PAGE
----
14 years of greatness post graduating from WSC

Aubreanna Miller, News Editor

Since her time at Wayne State College from 2003 to 2007, alumna Jonna Huseman has taken her journalism major and double minor in history and political science and turned them into an exciting and successful career.

Right now, Huseman lives in Washington D.C. with her partner Cliff Starkey, who also graduated from WSC, and her cat Piper, but her Lincoln, Nebraska beginnings still hold roots within her heart.

Huseman chose Wayne for the same reasons that many do, the small class sizes, affordability and a great location not too close or too far from home. WSC recognized the young journalist’s talent immediately as Huseman walked onto The Wayne Stater as the front-page editor her freshman year. Later, she served as photo editor, co-editor in chief and worked as an investigative reporter.

Huseman expressed two specific ways that WSC set her up for a fruitful career. First, the hands-on experience gave a solid foundation to build on as she moved into the working world.

“We had the opportunity as students to brainstorm the stories that we wanted to pursue and then follow through with them,” Huseman said. “Max McElwain, our advisor at the time, was very involved in making sure students had access to the resources they needed. One of the first stories I did for the Wayne Stater was a profile on then president Richard Collings, who sadly, recently passed away, but that was sort of my welcome to Wayne State, to suddenly be interviewing the President of the College. So that was really cool.”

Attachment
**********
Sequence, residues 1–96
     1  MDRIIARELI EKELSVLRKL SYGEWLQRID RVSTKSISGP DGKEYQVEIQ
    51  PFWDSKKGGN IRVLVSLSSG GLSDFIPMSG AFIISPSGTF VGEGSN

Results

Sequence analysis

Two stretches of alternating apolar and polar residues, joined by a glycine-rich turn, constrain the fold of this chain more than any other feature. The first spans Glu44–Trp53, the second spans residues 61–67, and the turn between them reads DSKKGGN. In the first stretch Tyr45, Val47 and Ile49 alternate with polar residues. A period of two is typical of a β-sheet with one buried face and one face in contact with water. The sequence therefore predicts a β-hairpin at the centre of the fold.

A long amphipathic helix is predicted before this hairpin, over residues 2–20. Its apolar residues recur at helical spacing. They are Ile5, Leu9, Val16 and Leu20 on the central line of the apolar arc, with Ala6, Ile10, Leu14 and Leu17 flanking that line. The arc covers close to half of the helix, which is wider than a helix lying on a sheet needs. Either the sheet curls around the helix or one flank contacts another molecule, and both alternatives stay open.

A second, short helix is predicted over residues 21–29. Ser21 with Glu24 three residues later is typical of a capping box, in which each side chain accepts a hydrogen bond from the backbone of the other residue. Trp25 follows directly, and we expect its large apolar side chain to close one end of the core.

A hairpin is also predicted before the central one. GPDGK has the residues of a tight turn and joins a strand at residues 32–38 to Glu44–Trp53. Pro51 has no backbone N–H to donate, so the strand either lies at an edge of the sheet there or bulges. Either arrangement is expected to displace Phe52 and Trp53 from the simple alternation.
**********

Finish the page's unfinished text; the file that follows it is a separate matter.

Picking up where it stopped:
The second aspect that aided in shaping her future plans included connections through WSC that helped her land her first job right out of college at the Aurora News-Register. The year spent at the Register provided her with experience covering local government and writing feature stories. Huseman remembers the supportive team and mentors who gave her a launching pad into the world of journalism.

Huseman grew up attending labor union meetings with her father and even covered a strike for that union in her column for the Wayne Stater. This background transitioned smoothly into her next position with the union the International Brotherhood of Teamsters. The Nebraskan packed up her life at age 24 and moved to Washington DC to work for the union for four and a half years. There, she wrote for the Teamster magazine, which delivers to 1.4 million members across the United States and Canada, according to Huseman. She also received countless opportunities to travel including marching in Former President Barack Obama’s first inauguration parade.

Looking for new experiences and challenges, Huseman moved her talents to another labor union known as the SEIU. During this time, around 2012, technology took on a new and crucial role in spreading the organization’s mission. She navigated the new age of digital work using Facebook, Twitter and other platforms to connect the union with its members.

After more than five years in politics, Huseman wanted a break. This led her to work for one of the largest health nonprofits in the country, the Cystic Fibrosis Foundation. There, she met and befriended another WSC alum, Sean McCabe, who unfortunately lost his battle to cystic fibrosis a few years ago.